You all know just how much I love the Bowes Museum, right? Well, they've got an amazing exhibition opening soon for all of you shoe lovers out there. That's right, the people at The Bowes Museum have landed another shoe-stopping spectacular (see what I did there?!) and the best part is, if you book before the end of April, there'll be no booking fee to pay! So hurry and get your tickets!
'Shoes: Pleasure and Pain' opens on Saturday 11th of June, and it's definitely worth a visit. I know because I saw it at the V&A and it was out of this world! But after seeing the Vivienne Westwood Shoe Exhibition at The Bowes museum a few years ago, I think seeing it here will top my original viewing! I've kindly been invited to visit and review the exhibition, but if you can't wait for my review, why don't you book your tickets now and see it for yourself? I can't wait to see Cinderella's glass slipper!
You can read all about the exhibition in the museum's latest press release below (ticket links are included!)
SEX AND THE CITY MEETS CINDERELLA AT THE BOWES MUSEUM
Shoes: Pleasure and Pain
11 June until 9 October 2016
Powerful? Practical? Crippling? Comfy? - whatever your taste in footwear it’s certain to be reflected in The Bowes Museum’s major summer exhibition.
The Museum is the only UK venue outside London that will stage Shoes: Pleasure and Pain, organised by the V&A, which opens on 11 June 2016.
Taking the themes of transformation, status, seduction, creation and obsession, it features over 200 pairs of historic and contemporary men’s and women’s shoes by 70 named designers, alongside fantasy footwear such as the Swarovski crystal Cinderella slipper created for the 2015 Disney movie, and the ballet shoes made for Moira Shearer as she danced to her death in the 1948 tearjerker The Red Shoes.
The famous feathered Jimmy Choo’s created for Carrie Bradshaw will also be on display, as will the Adidas ‘Brooklyn’ football boots sported by David Beckham, and Kylie Minogue’s ‘Tail Light’ sandals.
However, there are shoes worn by unknown people which are just as spectacular, which affirm the agony and the ecstasy of footwear throughout 2,000 years of history. Take the tiny Chinese Lotus shoes at just 7½ cm (3”) long, made for bound feet, exquisitely decorated with silk and sequins, excruciatingly painful yet still being produced in the early 20th Century. Among other fashionable footwear were chopines – a type of platform shoe popular in continental Europe from the 15th to the 18th centuries. Originally used as a protective overshoe, their loftiness reflected the importance of the wearer; the higher the chopine the higher the status, with some reaching almost impossible heights.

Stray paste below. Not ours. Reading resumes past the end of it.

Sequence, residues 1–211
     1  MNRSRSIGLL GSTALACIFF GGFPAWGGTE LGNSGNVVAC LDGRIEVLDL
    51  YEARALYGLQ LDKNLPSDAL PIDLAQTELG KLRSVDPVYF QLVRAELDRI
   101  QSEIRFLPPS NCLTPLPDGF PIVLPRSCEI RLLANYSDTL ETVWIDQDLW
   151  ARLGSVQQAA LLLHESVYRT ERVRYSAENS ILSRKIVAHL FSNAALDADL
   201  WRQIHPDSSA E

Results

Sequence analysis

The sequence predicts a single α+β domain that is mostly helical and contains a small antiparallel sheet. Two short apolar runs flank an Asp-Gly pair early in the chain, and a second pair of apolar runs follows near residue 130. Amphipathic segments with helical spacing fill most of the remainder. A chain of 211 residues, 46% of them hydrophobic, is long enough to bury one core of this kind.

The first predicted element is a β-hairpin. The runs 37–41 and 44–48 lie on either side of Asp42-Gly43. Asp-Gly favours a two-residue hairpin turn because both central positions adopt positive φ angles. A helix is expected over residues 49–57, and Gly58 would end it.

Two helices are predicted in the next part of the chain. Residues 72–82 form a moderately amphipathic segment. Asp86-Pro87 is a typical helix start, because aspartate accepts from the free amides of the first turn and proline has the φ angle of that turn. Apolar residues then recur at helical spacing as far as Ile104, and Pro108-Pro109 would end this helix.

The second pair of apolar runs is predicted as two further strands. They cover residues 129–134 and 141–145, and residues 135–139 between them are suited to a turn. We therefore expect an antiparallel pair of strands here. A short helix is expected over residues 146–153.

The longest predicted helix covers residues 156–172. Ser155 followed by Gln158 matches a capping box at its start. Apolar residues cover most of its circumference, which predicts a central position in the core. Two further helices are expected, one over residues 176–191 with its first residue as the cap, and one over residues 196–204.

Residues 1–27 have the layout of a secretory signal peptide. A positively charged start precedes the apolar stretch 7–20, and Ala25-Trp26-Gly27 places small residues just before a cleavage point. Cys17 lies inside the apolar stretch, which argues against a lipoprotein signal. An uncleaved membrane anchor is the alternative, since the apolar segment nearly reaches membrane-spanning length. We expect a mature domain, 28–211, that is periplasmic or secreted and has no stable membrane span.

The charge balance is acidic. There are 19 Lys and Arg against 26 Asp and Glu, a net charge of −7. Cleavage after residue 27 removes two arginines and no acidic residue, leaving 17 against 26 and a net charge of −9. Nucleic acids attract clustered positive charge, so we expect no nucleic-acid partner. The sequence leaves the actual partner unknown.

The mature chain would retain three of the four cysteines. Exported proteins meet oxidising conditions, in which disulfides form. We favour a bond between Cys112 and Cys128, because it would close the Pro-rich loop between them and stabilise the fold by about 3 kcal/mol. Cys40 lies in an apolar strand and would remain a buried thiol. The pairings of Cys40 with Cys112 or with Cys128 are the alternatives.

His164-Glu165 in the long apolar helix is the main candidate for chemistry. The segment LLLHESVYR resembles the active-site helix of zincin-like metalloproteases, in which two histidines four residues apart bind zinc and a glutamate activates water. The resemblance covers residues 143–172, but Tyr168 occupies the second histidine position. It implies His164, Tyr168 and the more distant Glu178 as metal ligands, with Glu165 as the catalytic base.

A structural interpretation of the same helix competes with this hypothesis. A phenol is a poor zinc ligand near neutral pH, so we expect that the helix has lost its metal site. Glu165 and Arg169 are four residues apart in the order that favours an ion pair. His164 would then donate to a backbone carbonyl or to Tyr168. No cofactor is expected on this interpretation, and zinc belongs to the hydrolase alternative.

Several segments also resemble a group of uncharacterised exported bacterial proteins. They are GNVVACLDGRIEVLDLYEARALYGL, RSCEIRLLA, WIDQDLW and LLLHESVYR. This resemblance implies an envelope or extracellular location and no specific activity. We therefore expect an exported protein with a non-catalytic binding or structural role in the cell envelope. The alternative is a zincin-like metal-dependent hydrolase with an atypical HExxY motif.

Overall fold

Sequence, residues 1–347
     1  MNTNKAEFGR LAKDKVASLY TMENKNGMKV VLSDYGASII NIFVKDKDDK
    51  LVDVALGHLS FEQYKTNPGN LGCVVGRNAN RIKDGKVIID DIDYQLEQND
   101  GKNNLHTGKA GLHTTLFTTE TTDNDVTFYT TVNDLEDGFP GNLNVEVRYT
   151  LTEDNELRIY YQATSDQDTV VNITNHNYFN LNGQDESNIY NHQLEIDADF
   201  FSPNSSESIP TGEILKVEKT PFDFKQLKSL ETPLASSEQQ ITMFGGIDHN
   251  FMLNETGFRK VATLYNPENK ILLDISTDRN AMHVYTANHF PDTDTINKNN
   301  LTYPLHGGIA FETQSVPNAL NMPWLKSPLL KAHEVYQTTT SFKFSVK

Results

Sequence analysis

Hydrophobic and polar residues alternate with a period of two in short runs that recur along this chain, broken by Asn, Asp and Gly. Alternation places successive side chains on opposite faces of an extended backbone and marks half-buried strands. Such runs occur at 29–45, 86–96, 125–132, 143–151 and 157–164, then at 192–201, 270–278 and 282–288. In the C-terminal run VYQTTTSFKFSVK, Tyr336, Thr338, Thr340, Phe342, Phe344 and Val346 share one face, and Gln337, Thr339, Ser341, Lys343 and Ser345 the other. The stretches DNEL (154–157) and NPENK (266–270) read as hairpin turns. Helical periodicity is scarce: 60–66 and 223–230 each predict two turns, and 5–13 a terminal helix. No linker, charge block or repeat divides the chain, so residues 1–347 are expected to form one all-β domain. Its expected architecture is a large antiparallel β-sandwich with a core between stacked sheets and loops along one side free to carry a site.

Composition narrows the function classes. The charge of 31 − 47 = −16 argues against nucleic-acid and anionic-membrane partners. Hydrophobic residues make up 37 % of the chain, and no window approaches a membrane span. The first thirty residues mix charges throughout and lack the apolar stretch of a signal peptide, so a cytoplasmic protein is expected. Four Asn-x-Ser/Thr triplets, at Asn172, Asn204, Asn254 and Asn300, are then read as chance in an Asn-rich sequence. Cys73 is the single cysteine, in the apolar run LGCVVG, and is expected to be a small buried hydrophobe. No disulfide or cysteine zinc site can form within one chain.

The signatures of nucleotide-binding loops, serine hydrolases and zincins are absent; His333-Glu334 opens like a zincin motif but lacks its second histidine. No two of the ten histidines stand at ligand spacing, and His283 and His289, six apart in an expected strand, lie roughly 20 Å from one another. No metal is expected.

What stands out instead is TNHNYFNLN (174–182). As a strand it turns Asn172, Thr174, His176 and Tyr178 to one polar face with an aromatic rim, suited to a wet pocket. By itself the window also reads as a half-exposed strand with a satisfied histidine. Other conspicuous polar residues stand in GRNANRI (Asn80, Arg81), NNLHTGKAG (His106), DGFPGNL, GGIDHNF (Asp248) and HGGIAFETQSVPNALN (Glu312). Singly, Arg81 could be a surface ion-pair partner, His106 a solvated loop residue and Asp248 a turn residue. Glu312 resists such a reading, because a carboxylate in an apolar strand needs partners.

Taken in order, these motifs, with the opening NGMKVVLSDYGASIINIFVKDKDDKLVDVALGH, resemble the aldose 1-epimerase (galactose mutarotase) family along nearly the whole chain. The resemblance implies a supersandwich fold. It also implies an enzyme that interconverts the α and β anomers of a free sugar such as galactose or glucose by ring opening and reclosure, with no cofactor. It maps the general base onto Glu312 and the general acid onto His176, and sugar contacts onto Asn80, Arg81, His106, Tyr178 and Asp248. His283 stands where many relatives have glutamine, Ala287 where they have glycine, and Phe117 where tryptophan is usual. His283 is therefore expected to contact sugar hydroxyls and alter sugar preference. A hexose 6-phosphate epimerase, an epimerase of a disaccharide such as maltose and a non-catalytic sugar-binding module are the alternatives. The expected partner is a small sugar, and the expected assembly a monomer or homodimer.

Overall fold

The exhibition also includes a pair of leather and suede platform heeled sandals, c 1945-49, worn by Queen Elizabeth, the Queen Mother, who was patron of The Bowes Museum Friends for 40 years until her death in 2002, made by the prestigious UK company Rayne of London.
Here Design, whose client list includes the V&A, Fortnum & Mason and Nigella Lawson, have been drafted in to design the exhibition at The Bowes Museum.
“They are high end London designers, and we are working with them to produce what we believe will be a fabulous interpretation of this subject,” said the Museum’s Keeper of Fashion & Textiles, Joanna Hashagen.
Shoes: Pleasure and Pain opens on Saturday 11 June and runs until Sunday 9 October. Tickets are on sale NOW via the Museum’s website at www.thebowesmuseum.org.uk, where there is a direct line on the homepage and exhibitions page. They can also be purchased directly from ticketmaster at http://www.ticketmaster.co.uk/venueartist/453005/2206180. For those booking before the end of April the Museum will absorb the cost of the booking fee so there will be no additional charge to pay on top of the normal admission fee.
For images or further information about the exhibition contact Sheila Dixon, Media & PR Officer, The Bowes Museum, at email@example.com or on 01833 694616.
Many thanks to Sheila Dixon at The Bowes Museum for sending me this information and inviting me to review it